‘President Gül’s approval of HSYK law means farewell to rule of law’

Following President Abdullah Gül’s signing of a controversial legislation on the Supreme Board of Judges and Prosecutors (HSYK) giving the government a greater grip over the judiciary, harsh reactions have come from both former ruling Justice and Development Party (AK Party) members and opposition parties in Parliament.

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Former AK Party deputy and Culture and Tourism Minister Ertuğrul Günay criticized Gül for approving the legislation, raising concerns over the separation of powers and the independence of the judiciary, saying Gül should have vetoed the bill.

“The problem is extremely serious and should be addressed seriously. I feel sad that Gül has signed the bill into legislation. Mr. President is the highest authority to supervise the constitutionality of laws and ensure that their implementation is in accordance with the Constitution. Despite the fact that Gül had concerns with the HSYK bill, turning a blind eye to society’s concerns through his signature for sake of having better relations with the AK Party government and looking to the Constitutional Court for a solution to the issue is not the right approach. That is why I am concerned. He should have sent the law back to Parliament instead of approving it,” he said.

MHP’s Oktay Vural: Gül contradicted previous statements

Nationalist Movement Party (MHP) Deputy Chairman Oktay Vural also criticized Gül for signing the legislation restructuring the HSYK and bringing an end to the separation of powers in Turkey, which is protected by the Constitution, emphasizing that Gül has contradicted himself after his previous statements saying the bill is unconstitutional.

Slamming Gül for signing the HSYK legislation, Vural said: “President Gül, in his earlier statements, had pointed out that no changes to the top judicial body were necessary because Turkey had brought its legal system in line with the EU’s with the 2010 constitutional reform. He previously called the legislation unconstitutional. Since Gül adopted a contradictory approach by later approving the law, Mr. President should then resign due to his conflicting stance. Gül announced that he gave the Constitutional Court a mandate instead of using his authority to veto the HSYK law. He should then resign and be the Constitutional Court president. By not vetoing the bill, Gül has dealt the judiciary a blow.”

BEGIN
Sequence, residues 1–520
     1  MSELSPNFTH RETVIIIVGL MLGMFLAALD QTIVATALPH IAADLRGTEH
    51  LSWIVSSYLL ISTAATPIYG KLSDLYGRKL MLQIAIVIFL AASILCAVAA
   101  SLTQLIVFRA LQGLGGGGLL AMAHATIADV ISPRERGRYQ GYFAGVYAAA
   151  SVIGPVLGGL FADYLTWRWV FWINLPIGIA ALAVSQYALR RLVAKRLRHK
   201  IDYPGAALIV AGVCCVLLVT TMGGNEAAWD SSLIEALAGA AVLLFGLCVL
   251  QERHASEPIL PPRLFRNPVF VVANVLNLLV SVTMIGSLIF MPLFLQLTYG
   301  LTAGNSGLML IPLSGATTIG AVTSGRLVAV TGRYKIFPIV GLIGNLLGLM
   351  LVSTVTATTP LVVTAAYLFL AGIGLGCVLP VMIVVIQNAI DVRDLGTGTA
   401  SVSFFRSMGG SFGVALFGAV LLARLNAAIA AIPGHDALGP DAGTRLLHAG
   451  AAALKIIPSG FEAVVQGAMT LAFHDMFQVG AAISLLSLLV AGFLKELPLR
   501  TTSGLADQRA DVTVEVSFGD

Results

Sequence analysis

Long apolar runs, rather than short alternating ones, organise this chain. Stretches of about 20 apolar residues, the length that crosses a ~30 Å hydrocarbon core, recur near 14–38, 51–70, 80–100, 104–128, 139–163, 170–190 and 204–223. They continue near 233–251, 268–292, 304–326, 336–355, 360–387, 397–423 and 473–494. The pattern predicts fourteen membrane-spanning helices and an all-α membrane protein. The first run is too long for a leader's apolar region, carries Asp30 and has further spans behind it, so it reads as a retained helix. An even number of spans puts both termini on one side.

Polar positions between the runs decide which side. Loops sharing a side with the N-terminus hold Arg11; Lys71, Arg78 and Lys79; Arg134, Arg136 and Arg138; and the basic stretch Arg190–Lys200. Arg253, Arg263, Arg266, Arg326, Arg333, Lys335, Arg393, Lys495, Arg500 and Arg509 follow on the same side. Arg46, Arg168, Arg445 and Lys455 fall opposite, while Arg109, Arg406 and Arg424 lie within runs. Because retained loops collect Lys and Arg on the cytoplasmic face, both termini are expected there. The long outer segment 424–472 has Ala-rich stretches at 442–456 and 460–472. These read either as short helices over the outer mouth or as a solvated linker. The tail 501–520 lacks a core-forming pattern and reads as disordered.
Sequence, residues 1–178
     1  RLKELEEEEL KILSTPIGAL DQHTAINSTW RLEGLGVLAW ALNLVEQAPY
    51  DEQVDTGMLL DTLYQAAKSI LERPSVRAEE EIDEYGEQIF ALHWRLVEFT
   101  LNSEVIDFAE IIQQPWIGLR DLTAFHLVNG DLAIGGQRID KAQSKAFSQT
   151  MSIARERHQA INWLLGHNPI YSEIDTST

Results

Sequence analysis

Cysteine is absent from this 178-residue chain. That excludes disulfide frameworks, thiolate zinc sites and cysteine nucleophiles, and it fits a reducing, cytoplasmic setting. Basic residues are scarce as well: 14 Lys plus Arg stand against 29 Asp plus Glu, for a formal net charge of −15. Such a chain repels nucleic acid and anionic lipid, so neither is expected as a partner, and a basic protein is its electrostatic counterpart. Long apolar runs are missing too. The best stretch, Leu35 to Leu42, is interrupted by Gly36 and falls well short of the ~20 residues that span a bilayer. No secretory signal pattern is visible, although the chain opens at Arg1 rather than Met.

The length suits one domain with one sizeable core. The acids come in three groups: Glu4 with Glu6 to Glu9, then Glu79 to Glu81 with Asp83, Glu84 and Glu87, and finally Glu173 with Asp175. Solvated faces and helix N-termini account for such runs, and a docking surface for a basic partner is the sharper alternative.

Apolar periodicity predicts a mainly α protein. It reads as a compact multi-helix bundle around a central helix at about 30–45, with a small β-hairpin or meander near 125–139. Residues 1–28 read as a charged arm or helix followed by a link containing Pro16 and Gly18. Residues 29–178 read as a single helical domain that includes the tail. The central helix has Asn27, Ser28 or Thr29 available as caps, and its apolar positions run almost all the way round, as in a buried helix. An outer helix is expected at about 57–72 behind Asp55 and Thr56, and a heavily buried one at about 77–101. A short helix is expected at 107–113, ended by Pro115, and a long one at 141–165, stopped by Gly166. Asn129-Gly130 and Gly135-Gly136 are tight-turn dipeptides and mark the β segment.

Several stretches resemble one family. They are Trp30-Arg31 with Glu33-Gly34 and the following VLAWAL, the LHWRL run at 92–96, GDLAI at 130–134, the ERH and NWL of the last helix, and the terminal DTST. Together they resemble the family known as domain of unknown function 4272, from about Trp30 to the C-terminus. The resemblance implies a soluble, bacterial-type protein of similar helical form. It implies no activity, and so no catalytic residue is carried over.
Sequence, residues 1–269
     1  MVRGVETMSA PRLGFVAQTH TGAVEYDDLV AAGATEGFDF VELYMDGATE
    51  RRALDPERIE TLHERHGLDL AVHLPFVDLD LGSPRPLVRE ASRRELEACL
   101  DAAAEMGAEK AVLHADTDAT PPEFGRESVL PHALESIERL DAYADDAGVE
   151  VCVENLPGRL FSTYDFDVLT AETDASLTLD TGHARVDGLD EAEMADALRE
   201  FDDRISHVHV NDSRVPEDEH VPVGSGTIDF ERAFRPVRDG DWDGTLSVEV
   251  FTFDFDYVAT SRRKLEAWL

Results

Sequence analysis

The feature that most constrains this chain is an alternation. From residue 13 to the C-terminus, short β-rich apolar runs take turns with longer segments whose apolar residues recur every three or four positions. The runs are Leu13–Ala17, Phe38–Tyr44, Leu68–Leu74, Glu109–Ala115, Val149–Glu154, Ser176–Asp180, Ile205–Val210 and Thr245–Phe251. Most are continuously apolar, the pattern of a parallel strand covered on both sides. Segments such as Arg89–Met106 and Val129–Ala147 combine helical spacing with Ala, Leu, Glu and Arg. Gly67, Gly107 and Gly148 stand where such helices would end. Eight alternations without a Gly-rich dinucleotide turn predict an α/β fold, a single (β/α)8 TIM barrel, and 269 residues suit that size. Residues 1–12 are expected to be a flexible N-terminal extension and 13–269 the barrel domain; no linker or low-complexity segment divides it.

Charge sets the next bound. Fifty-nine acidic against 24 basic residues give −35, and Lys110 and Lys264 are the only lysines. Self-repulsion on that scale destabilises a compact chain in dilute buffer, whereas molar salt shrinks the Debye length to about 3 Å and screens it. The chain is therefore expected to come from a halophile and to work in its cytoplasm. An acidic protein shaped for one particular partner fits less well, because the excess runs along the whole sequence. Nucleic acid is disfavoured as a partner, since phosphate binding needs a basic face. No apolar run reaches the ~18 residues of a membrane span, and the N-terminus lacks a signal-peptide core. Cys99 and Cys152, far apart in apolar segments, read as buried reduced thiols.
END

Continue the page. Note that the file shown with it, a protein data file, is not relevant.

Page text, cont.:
Continuing with his criticism of Gül’s approval of the legislation, Vural said, “Those who were elected via our nation’s will have not refrained from dealing a blow to the rule of law and the state’s laws,” added.

After Gül approved the controversial law, Peter Stano, the spokesperson for EU Enlargement Commissioner Stefan Füle, said the European Commission’s concerns regarding an Internet law and the legislation on the HSYK are well-known. “We are going to examine in detail the latest version of these laws — including any new amendments — and share our comments with the Turkish authorities. Our assessment will also be reflected in the forthcoming progress report after summer,” Stano told Today’s Zaman.

Another reaction to the signing of the controversial bill came from MHP deputy Özcan Yeniçeri, who said Gül did not use his authority for the benefit of democracy and freedom, as the recent signature on the disputed legislation shows.

When asked about Gül’s approval of the law giving the government more control over the judiciary, Yeniçeri said: “Mr. President did not uphold the state of law principles nor did he use his authority to defend the Constitution in an effort to avoid a possible conflict with the government and signed the legislation into law. If he transferred his authority to the Constitutional Court by approving the law on the HSYK, then he should apply to the Constitutional Court. He still acts like a member of the AK Party instead of the president of the Turkish Republic. Through this stance, he avoided exercising his duty.”

Grand Union Party (BBP) leader Mustafa Destici also lashed out at Gül, saying the president has turned out to be part of the orchestra who dealt a blow to judicial independence by approving the HSYK legislation, adding that Gül ignored the national will through such a disputed approval. “People are now looking towards the Constitutional Court to cancel the approval as a last hope.”

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